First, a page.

In March, at the end of spring training, Shairon Martis sat across from Doug Harris, the Nationals’ director of player development. Martis had been a major league in 2009, and now the Nationals would not even let him be a minor leaguer. They kept in Florida at the start of the season, and Harris to him explained why.

Harris challenged Martis to change himself. He needed to eat healthier and condition his body better. He needed to change his delivery. Even though he had reached the major leagues at 22, he needed to start over.

“It was,” Harris said, “a difficult conversation for Shairon.”

The conversation also sent Martis on a possible path back to the majors, and last night Martis reached the high point of his reemergent season. He threw a seven-inning no-hitter in for Class AA Harrisburg against New Hampshire, striking out nine and walking only one. The performance highlighted Martis’s quietly excellent season. While throwing 128 innings, Martis has a 2.81 ERA with 143 strikeouts and 38 walks.

In doing so, Martis has followed the directives Harris laid out in March. He changed his diet and took workouts more seriously. He changed his delivery with the help of Harrisburg pitching coach Randy Tomlin, allowing him to throw his fastball – which zips between 88 and 94 mph – with a more effective arm angle and better life. He also throws his curveball with better depth.

“I’m proud him,” Harris said. “He’s taken ownership of his career. I think Shairon has a much better awareness about what it’s going to take to put him in a big league equation.”

Entering this season, Martis became something of an afterthought. The Nationals made him a September call-up in 2008, and he became their No. 4 starter in 2009, when he was barely 22 years old. Martis won the first five decisions of his career, and then the Nationals lost seven of the next eight starts he made. His ERA shot to 5.25. At the end of June, the Nationals shipped him back to the minors, and he all but disappeared.

His career path makes it easy to forget he is still 24, 10 months older than Brad Peacock and a month younger than Tom Milone. Martis hasn’t necessarily made himself into a prospect, but he has put himself back on the map in the Nationals’ organization.

Even if it’s highly unlikely he wins one, the Nationals could even let Martis compete for a rotation spot next spring. That’s a long way from this spring, when the regular season started and Martis stayed in Florida.

“That’s something that we’ll talk about it, him and several other guys,” Harris said. “He has certainly created that conversation. Had he stayed stauts quo going into 2011, he was really just treading water.”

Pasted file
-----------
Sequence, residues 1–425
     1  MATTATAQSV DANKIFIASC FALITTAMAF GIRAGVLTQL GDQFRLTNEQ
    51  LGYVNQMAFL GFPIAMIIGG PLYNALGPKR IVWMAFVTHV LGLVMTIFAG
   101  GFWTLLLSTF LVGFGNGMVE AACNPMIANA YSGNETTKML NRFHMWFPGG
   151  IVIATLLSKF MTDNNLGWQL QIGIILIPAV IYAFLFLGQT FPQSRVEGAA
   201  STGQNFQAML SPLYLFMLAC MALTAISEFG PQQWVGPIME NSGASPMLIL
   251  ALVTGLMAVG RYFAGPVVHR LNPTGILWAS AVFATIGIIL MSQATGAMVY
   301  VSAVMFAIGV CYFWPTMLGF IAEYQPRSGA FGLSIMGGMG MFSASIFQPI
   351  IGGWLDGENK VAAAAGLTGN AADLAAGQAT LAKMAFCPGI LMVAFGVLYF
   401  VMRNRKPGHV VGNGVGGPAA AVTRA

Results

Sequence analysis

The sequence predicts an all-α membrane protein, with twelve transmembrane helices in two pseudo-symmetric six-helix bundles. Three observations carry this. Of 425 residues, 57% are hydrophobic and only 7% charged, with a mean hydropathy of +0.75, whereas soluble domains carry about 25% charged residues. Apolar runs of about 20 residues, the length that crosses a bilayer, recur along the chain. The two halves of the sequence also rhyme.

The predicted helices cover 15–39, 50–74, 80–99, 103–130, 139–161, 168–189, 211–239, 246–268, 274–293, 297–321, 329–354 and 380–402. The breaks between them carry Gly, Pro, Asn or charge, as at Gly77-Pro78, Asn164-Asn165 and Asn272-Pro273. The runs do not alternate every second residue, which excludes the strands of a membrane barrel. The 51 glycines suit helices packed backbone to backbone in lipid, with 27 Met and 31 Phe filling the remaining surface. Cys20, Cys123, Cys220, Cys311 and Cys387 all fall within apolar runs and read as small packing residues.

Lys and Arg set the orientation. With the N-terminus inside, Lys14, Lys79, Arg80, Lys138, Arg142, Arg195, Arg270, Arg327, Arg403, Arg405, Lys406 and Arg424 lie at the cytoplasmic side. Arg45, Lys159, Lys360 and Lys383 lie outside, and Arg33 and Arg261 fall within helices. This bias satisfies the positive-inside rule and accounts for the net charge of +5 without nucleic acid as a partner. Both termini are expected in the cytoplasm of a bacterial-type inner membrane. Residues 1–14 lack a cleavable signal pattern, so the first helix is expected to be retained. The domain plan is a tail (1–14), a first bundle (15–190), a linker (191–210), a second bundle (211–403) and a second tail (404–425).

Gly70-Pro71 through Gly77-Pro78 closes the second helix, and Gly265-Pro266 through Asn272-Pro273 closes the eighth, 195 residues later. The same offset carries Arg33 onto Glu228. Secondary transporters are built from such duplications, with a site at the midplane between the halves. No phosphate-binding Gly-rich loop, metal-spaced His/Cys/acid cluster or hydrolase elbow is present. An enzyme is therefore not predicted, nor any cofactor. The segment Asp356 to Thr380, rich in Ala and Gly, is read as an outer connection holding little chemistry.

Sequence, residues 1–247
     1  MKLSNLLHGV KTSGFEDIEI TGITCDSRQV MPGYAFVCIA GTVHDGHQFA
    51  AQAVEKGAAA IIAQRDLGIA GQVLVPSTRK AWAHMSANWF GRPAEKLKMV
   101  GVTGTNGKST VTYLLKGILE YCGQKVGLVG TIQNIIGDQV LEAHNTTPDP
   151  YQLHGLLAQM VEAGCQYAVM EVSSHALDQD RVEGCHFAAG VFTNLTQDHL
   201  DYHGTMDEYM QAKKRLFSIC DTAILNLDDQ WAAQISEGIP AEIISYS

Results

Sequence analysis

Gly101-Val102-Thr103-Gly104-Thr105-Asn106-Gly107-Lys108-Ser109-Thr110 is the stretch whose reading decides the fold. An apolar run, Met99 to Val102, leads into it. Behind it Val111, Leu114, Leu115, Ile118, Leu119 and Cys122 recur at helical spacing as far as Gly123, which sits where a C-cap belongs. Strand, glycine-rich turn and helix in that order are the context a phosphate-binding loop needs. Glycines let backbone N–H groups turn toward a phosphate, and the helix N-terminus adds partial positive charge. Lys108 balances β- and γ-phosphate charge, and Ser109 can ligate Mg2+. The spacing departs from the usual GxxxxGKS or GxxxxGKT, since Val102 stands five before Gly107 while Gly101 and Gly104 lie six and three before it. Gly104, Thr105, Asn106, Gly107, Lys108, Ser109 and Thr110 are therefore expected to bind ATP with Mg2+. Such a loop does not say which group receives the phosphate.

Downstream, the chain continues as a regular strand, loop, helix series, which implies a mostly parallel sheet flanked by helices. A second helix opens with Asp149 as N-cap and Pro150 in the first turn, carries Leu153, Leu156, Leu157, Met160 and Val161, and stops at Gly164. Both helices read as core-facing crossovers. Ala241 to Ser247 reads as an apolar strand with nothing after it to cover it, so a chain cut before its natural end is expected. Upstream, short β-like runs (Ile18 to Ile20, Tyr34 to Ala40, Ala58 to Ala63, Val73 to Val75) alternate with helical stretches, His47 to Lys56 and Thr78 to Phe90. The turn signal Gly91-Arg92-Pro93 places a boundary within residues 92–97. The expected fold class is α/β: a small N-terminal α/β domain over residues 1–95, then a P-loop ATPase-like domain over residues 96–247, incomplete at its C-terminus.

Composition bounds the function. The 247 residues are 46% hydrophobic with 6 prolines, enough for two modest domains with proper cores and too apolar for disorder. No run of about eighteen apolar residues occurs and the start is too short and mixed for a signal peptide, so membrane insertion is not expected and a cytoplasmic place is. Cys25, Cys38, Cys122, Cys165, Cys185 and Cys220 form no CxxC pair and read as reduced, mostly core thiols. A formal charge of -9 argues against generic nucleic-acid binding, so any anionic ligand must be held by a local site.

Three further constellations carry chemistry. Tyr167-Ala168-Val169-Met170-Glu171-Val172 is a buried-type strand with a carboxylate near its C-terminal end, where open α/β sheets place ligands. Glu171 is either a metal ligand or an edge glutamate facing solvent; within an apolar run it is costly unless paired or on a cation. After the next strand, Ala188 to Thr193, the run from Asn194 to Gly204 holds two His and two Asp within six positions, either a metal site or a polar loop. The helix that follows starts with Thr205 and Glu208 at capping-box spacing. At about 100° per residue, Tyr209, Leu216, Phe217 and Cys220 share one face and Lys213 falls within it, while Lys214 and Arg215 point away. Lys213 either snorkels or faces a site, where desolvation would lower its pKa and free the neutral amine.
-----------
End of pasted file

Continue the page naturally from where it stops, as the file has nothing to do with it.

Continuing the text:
A few other notes from the minor leagues:

>>> A name to keep an eye is Class A Potomac right-hander Paul Demny. He does not have overwhelming numbers – he’s 9-10 with a 4.54 ERA, 102 strikeouts and 53 walks in 136 2/3 innings. But he hit 95 miles per hour last night in Frederick, showing a hard slider as he pitching into the eighth inning and allowed three runs.

Harris said Demny has “grown by leaps and bounds” this season and compared him to Cole Kimball and Brad Peacock as pitchers who broke out at Potomac. The Nationals selected Demny in the sixth round of the 2008 draft, and he just turned 22 at the start of August. “He’s a puppy,” Harris said. “From where he was at the beginning of the year to where he is now, that was really fun to see.”

>>> Tyler Moore hit two more home runs last night to give him 30 this season in Class AA Harrisburg, one shy of his total last year at Class A Potomac. Even with Chris Marrero’s promotion to the majors, the Nationals will keep him in Harrisburg for the rest of the season. They want Moore to experience the playoff race – Harrisburg leads Bowie by four games – and “there’s not a lot of benefit to sending him to Syracuse for eight days,” Harris said.

>>> The Nationals’ top five draft picks – Anthony Rendon, Alex Meyer, Brian Goodwin, Matt Purke and Kylin Turnbull – reported to rookie ball at Class A Auburn this week, but they are there only to practice, not to play. The Nationals are treating the experience for them as a week-long “mini-camp” to prepare for the instructional league, Harris said. The Nationals do not want the draft picks to risk injury after their long layoff waiting for their contracts to be finalized.

>>> Bryce Harper hopes to return from his strained hamstring in time to join to Harrisburg for the playoffs, presuming they hold on to their lead. The Nationals have yet to determine if Harper will play in the postseason. “It’s day to day right now,” Harris said. “We’re not going to commit to anything at this point. Everyday is a better day.”